The main objective of this study is to contribute to the ongoing debate (McKenzie and Bickle, 1988; Plank and Langmuir, 1992) on the nature and mechanisms of mantle melting and magma segregation, transport and storage, by a study of magmatic inclusions in near-liquidus phenocrysts (Sobolev and Shimizu, 1993) from various mantle-derived melts combined with a study of the mineralogy of magmatic cumulates (Ross and Elthon, 1993) and residual mantle after melt extraction (Johnson et al., 1990). Specific goals include reconstruction of major and trace element compositions of mantle-derived primary melts, reconstruction of the mantle source compositions and melting scenarios, and modeling of fractionation trends of these primary melts. Studied samples containing magnesian olivines came from the type localities of 3 major geodynamic environments: mid-oceanic ridges (MOR- Mid Atlantic Ridge , 9-16 N, East Pacific Rise, Siqueiros F.Z., Iceland), mantle plumes (MP- Mauna Loa, Hawaii) and suprasubduction zones (SSZ- major volcanic suits of the Troodos ophiolites, Cyprus). Studied samples of magmatic cumulates and residual mantle peridotites came from the Troodos intrusive complex and metamorphic base. The study includes electron and ion microprobe analyses
of experimentally and naturally quenched glassy melt
inclusions in early phenocrysts as well as clinopyroxenes
from cumulates and peridotites to characterize source composition and reveal different fractions of primary melts, and modeling of mantle melting processes using petrological
and geochemical results from published high-pressure
Widely accepted idea of general mixing of primitive melts in the mantle assumes very rare natural occurrence of unmodified primary melts (McKenzie and Bickle, 1988). However massive ion probe studies of melt inclusions in high Mg-olivines in all studied objects show that from a few to 10% of the measured populations could be treated as unmixed or moderately mixed nearly primary melts whereas the rest are well mixed samples close in composition to bulk rocks or glasses. Nearly primary melts manifest extremely large range in incompatible element concentrations from ultra-enriched to ultra-depleted even in a single sample suggesting very efficient element fractionation during melting. Similar fractionation pattern of highly incompatible elements is indicated by data on clinopyroxene compositions from cumulates and residual peridotites.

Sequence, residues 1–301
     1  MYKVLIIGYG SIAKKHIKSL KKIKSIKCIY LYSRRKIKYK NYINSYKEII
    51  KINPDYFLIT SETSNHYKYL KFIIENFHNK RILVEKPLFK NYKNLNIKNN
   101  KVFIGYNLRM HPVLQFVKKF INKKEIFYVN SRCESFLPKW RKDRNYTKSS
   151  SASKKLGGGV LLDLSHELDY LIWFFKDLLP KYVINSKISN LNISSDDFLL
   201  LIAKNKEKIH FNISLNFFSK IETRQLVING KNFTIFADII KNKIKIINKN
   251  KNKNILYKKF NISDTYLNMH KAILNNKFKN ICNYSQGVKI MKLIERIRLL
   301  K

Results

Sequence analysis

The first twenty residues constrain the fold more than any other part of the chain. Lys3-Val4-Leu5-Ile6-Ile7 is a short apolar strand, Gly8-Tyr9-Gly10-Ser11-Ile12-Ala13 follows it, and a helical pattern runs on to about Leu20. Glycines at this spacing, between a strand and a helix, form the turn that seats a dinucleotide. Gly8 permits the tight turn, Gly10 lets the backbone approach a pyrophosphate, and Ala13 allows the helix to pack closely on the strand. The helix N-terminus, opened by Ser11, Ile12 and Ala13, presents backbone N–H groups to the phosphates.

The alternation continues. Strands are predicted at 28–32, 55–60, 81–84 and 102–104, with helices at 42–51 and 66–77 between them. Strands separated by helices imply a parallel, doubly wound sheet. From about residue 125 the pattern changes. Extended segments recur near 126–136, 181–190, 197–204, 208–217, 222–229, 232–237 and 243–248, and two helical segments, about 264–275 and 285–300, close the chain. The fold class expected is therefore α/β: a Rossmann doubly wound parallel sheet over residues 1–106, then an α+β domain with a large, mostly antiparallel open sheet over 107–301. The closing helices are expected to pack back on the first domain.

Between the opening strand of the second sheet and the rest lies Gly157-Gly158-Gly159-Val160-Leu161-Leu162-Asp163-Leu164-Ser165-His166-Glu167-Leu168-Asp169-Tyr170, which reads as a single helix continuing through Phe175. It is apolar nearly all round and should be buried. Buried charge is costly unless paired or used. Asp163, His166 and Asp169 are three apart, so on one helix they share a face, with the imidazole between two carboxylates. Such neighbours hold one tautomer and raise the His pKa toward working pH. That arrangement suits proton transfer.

The modeling of compositions of instantaneous primary melts suggests the following conclusions: (1) mantle under MOR, MP and in SSZ acts as effectively open system for the melt fractions of less than 1-3 wt %; (2) magmagenerating mantle columns under MOR commonly exceed 50 km in thickness and melting starts in the presence of garnet (less than 5% degree of melting); (3) the garnet is required in the source in the entire melting range (1-12 % degree) for studied MP; (4) some primary melts could escape magma mixing or interaction with wall rocks and thus argue for the fast channeling from the segregation level. (5) The melt inclusions data for mantle melting in SSZ is confirmed by data on Troodos cumulates and peridotites (Batanova et al., 1994) as well as similar data for MOR is consistent with results of study of MOR cumulates (Ross and Elthon, 1993) and peridotites (Johnson et al., 1990).
Batanova, V.G., Sobolev, A.V. & Schmincke, H.-U., Min. Mag. 58A, 57-58 (1994).
Johnson, K.T.M., Dick, H.J.B. & Shimizu, N., J. Geophys. Res. 97, 9219-9241 (1990).
McKenzie, D. & Bickle, M.J., J. Petrol. 29, 625-679 (1988).
Plank, T. & Langmuir, C.H., J. Geophys. Res. 97, 19749-19770 (1992).
Ross, K. & Elthon, D., Nature 365, 826-829 (1993).
Sobolev, A.V. & Shimizu, N., Nature 363, 151-154 (1993).